Then what seemed impossible before become a reality before our very eyes.
It's all over!:
Having suffered his first legitimate defeat of his career, Emelianenko went back home to Russian to contemplate his next move. When he spoke to the press, he seemed hopeful for his career stating that, "one who doesn't fall never stands up."
While he angled for rematch against the Brazilian, surgery put Werdum on the shelf for the rest of the year. Instead, "The Last Emperor" agreed to enter Strikeforce's heavyweight grand prix. But when he wasn't booked against Alistair Overeem, the usual allegations of favorable matchmaking were once again heard loud and clear.
Antonio Silva was always seen as a talented -- but not great -- fighter. While everyone who stepped inside a ring or cage against Andrei Arlovski was knocking the former UFC champ out cold, "Bigfoot" won via decision.
And then there was the incident where the Brazilian nearly got finished off by Mike Kyle after the American stepped in due to injury on five day's notice.
When there were fighters like "Ubereem" and Josh Barnett in the tournament, it seemed like a waste of time to pit Emelianenko against Silva.
In the first round, the Russian seemed intent on landing a singular killing blow -- a la his knockout of Arlovski -- while Silva refused to engage in a wild striking exchange. He responded with sharp jabs and counter punches that bloodied Emelianenko's nose.
Still, "The Last Emperor" was the aggressor for the first five minutes and was able to dictate where the fight took place -- stuffing takedowns and standing from the ground when he wanted to.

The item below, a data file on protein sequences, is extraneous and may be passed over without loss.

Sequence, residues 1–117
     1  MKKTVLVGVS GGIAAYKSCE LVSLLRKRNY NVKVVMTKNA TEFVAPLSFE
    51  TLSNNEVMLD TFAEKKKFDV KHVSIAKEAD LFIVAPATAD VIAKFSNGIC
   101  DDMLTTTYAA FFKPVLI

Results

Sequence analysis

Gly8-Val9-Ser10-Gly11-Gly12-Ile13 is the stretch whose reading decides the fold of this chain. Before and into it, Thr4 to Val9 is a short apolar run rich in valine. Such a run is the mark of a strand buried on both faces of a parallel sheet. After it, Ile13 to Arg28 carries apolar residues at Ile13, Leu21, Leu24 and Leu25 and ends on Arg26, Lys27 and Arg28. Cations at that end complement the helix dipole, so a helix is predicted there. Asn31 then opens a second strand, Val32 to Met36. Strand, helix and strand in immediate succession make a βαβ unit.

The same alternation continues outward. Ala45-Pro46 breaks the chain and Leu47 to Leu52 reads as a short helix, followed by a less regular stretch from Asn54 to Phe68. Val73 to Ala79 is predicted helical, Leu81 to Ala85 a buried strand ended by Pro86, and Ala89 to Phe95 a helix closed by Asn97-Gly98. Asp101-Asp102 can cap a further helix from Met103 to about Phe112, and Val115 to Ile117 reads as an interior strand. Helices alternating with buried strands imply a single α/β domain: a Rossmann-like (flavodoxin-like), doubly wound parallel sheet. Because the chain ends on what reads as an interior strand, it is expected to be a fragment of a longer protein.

The next round immediately started off poorly for the Russian. "Bigfoot" timed a strike perfectly and dropped Emelianenko to the mat. That's when it went from bad to worse.
The giant Brazilian punished the former Pride champ with hammerfists and punches from on top and turned his opponent's face into a swollen, grotesque mess that would have made Joseph Merrick blush.
When the round ended, the doctors deemed the damage too severe for Emelianenko to continue. And like that, "The Last Emperor" had two consecutive losses.
After his loss to Silva, Emelianenko hinted at retiring although later backtracked. He simply said he would retire when God willed him to.
He accepted a catchweight bout with Dan Henderson five months later and after slugging it out with the heavy handed American, he seemed to have had "Hendo" on the proverbial ropes.
The Olympic wrestler -- kneeling on the mat with the Russian above him -- was able to reverse the position and landing an uppercut from under Emelianenko's body that caught him right on the jaw.
He went limp and fell to the mat, his face dragging along the canvas as the rest of his body attempted to flatten out.
If you want to debate whether the stoppage was early or not, there's a litany of posts you can air your opinion on. This isn't one of them.
Early stoppage or not, the era of Fedor Emelianenko has come to an end.